motion to vacate an arbitration award for partiality under the FAA because “Vega has presented
no evidence of direct and definite bias so as to prove ‘evident partiality’”); Edward Elec., 229 Ill.
App. 3d at 101 (noting that a party may not rely on speculative evidence of partiality to vacate
arbitration award). Nor have the Kingsbury Parties demonstrated that the arbitrators had a
financial or personal relationship with Kappel so as to call into question their neutrality. See
Edward Elec. Co., 229 Ill. App. 3d at 102. And “an adverse ruling alone is not ‘direct, definite,
and demonstrable bias’ sufficient to constitute ‘evident partiality.’” Hurn v. Macy’s, Inc., 728 F.
App’x 598, 599 (7th Cir. 2018) (citations omitted) (denying motion to vacate an arbitration
award under the FAA); see also Edward Elec. Co., 229 Ill. App. 3d at 101–02 (in denying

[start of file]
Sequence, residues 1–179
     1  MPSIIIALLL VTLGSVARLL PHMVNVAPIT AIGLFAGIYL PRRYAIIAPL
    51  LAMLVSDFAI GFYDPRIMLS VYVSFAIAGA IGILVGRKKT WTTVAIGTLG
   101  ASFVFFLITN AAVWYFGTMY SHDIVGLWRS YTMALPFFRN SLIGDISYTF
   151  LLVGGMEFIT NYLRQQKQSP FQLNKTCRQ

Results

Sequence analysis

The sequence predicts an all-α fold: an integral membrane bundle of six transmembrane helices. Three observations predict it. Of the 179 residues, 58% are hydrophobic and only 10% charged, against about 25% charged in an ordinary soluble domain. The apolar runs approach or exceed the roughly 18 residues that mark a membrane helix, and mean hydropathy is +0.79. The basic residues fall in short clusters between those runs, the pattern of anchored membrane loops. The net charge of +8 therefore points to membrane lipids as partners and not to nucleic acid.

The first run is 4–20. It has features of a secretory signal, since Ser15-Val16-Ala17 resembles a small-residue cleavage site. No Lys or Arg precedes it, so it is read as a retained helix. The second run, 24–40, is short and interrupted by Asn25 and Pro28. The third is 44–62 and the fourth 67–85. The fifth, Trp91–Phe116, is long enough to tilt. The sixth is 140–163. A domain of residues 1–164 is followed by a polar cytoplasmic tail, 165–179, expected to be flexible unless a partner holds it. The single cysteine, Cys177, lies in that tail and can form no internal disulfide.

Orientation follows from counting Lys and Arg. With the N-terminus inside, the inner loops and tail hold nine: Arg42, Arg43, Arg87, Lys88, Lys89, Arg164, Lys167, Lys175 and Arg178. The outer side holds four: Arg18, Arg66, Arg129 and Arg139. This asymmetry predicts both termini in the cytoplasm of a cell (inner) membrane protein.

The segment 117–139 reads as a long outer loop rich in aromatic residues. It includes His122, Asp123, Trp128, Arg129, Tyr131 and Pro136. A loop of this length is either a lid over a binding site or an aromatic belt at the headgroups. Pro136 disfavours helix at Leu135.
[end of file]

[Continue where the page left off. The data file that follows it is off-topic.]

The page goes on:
motion to vacate an arbitration award for partiality under the UAA, noting that “[w]e are all too
prone, perhaps, to impute either weakness of intellect or corrupt motives to those who differ with
us in opinion” (alteration in original) (quoting White Star Mining Co. v. Hultberg, 220 Ill. 578,
603 (1906))). Without any evidence suggesting that Valenti had a definite, direct, or
demonstrable interest in the outcome of the proceedings, the Court does not find Valenti’s
alleged partiality a valid ground for vacating the arbitration award.
Arbitrators Allegedly Exceeding their Powers
Next, the Kingsbury Parties argue that the arbitrators exceeded their powers. See 710 Ill.
Comp. Stat. 5/12(a)(3). The party seeking relief under § 12(a)(3) bears a heavy burden because
the Court presumes that the arbitration panel did not exceed its authority. Edward Elec. Co., 229
Ill. App. 3d at 103. An arbitration panel exceeds its powers when it decides matters that were
not submitted to arbitration, Cty. of Tazewell v. Ill. Fraternal Order of Police Labor Council,
2015 IL App (3d) 140369, ¶ 13, or when its award contains gross errors of law or mistakes of
fact on its face, Rauh, 143 Ill. 2d at 393. “It is not enough for petitioners to show that the panel